“ Spring is here ! ”
After long absence back :
The Spring of the Hounds
in a marvelous large-sized , marvelous high-grade drawing
The pack leader defending the hare against three other greyhounds and a waterhound by a boulder. Washed brush drawing over pencil by Johann Elias Ridinger (Ulm 1698 – Augsburg 1767). Within the subject below left inscribed with pale pencil: Joh. Elias Ridinger inv. et del. 17¼-17⅜ × 13¼ in (438-440 × 336 mm) (subject size 16¾-16⅞ × 13¼ in [426-429 × 336 mm]).
The pictorial preparatory drawing
in reverse to sheet 1 – Thienemann 105, illustrated in Blüchel, Die Jagd, II, p. 79 – of the Four Seasons of the Hounds supposed for the early ’40s, furnished with marks of trace and, on the back, red chalk, on strong, but not heavy laid paper with watermark “IV” as known for the time and proven here for Ridinger, e.g., for his 1723 drawing Alexander the Great at the Hyphasis 326 just as for two sheets of the set of the monkeys most likely published colored only by the sons as second edition.
Of best condition except for a pinhead-small hole and, predominantly on the back, seven marginal traces of former mounting in spots on a sheet removed only by now (on this by old hand in italics as inscription in the center “Coursing” and on the right “Ridinger”). In the center of the narrow white subfield of the drawing itself a “20.” in pencil as supposed inventory number of a former owner and therefore mark of origin of a more comprehensive collection of drawings.
The also by its size marvelous drawing
for the opening sheet of this wanted rich set, in the engraving explained by the quatrain
“ The Hares are catched many, At SPRING TIME /
Before when they offend in the seed field /
But when with highest rage, the hounds set on it /
So the protector has concern, that they do not tear it up . ”
The latter in the present reverse drawing therefore to the left, “the forelegs stretched out over the hare and grawlingly repulsing two other hounds, of which the one, a greyhound as well, lies with the front part in peculiar lurking position on the ground, the other, a waterhound, barking at him. Above these on a boulder there are two other greyhounds who also have a little lust for the hare”.
Contrary to the etching the pack leader’s tip of the tail a little less formed and the waterhound’s left foreleg concealed under the belly. – See the complete description.
Offer no. 28,878 / price on application
as upbeat to the Fours Seasons
Young woman to the left at a balustrade, looking at the beholder. In her right a rose, the left in a flower basket on her lap. Followed by young and full-figured lady resp. before landscape scenery and gentleman at the fireside with tea and biscuits as
Four Seasons in large three-quarter figure .
4 sheet. Mezzotints by or at Johann Elias Ridinger (Ulm 1698 – Augsburg 1767). Inscribed: Ioh. Elias Ridinger excud(it). A. V., otherwise as following. 21¼-21¾ × 16¾-17⅛ in (53.9-55.1 × 42.6-43.5 cm).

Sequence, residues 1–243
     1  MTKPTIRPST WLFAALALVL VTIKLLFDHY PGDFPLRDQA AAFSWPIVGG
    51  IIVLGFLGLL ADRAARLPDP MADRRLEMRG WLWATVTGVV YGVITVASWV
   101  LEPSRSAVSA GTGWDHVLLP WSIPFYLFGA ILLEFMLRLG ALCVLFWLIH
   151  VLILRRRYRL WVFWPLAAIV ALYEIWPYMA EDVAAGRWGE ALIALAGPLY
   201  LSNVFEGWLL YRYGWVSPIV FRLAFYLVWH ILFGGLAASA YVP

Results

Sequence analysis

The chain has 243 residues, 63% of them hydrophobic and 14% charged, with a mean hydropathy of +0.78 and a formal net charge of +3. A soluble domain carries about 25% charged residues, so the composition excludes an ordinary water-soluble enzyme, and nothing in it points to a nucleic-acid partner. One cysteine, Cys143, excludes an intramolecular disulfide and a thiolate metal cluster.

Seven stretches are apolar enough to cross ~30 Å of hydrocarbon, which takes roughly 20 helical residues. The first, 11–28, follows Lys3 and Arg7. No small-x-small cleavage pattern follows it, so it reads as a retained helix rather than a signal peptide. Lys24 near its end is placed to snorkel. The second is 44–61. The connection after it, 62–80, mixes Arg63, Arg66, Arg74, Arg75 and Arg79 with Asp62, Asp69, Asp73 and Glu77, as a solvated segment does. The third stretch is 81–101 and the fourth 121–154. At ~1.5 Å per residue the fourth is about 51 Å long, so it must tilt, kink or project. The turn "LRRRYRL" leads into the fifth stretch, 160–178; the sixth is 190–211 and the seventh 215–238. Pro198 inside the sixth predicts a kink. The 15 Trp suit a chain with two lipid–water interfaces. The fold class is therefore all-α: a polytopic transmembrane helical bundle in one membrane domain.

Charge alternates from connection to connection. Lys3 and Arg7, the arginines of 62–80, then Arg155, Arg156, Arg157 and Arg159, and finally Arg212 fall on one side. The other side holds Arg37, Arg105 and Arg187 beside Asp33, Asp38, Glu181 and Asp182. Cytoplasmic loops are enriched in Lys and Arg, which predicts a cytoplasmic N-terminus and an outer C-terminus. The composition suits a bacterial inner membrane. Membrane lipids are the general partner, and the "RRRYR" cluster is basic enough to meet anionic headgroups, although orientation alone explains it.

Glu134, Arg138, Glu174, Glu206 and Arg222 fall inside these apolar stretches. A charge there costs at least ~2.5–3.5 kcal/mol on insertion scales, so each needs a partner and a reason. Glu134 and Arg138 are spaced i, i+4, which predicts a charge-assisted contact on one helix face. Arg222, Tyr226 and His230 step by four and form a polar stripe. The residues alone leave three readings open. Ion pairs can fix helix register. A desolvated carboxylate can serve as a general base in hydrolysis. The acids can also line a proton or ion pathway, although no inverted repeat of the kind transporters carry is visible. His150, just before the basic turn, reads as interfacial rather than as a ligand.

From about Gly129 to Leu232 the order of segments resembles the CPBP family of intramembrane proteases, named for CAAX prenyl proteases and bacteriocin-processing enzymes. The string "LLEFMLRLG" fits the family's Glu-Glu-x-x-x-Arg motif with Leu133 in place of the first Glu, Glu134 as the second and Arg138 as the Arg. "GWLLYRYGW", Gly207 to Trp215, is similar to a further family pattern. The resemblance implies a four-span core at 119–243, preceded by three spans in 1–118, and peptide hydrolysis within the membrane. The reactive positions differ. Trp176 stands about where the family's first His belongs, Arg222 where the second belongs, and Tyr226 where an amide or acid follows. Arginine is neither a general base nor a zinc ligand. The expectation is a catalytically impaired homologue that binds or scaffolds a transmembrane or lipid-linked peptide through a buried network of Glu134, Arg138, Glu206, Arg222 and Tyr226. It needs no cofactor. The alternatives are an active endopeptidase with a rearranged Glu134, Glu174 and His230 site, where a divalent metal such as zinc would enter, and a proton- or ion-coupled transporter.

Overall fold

Thienemann + Schwarz 1193-1196. – Slightly reduced and somewhat reservedly composed repetition of the third (of five) set of the Four Seasons Th. 1181/84 – “The ideas taken from the works of (Hyacinthe) Rigaud (1659-1743) and other French portrait painters” (Th.), though as to the contents generally in the succession of antiquity and Middle Ages according to which the perception of nature by the elements + seasons had “an important part in the process of profanation of art in the 16th century” (Robels, Frans Snyders, 1989, p. 25) – under renunciation of the verses, too. Here now sovereignly in the broad lower margin separated from the picture by a roll border the Latin-German titles in large typography.
Mounted by old at the corners on buff laid paper which is slightly browned at two/three outer margins. – The winter sheet with tiny margin at three sides, otherwise partially with such one or trimmed to platemark.
The excellent copy in regard to printing and conservation
of a cultivated collection of perfectly bright chiaroscuro in all parts. And in such a manner of quite extraordinary rarity not only on the market as quoted above, but in general, too. Already in 1675 the expert von Sandrart numbered “clean prints” of the velvety mezzotint manner at only c. “50 or 60” (!). “Soon after (the picture) grinds off for it not goes deeply into the copper.” Correspondingly then Thienemann in 1856 :
“ The mezzotints are almost not to be acquired on the market anymore …
and the by far largest part (of them) …
(I have) only found (in the printroom) at Dresden. ”
Besides Thienemann’s supposedly copy in Dresden and that of Gutmann (Schwarz, 1910) for the set here one with Rosenthal (1940) and that of Count Faber-Castell (1958) can be proven. The previous version 1181/84 was missing with the latter two, but Helbing (1900, “Marvelous mezzotints. Extremely rare.”) had it in impressions before the letter as complete set and with the letter in three individual sheets. – Thus here + now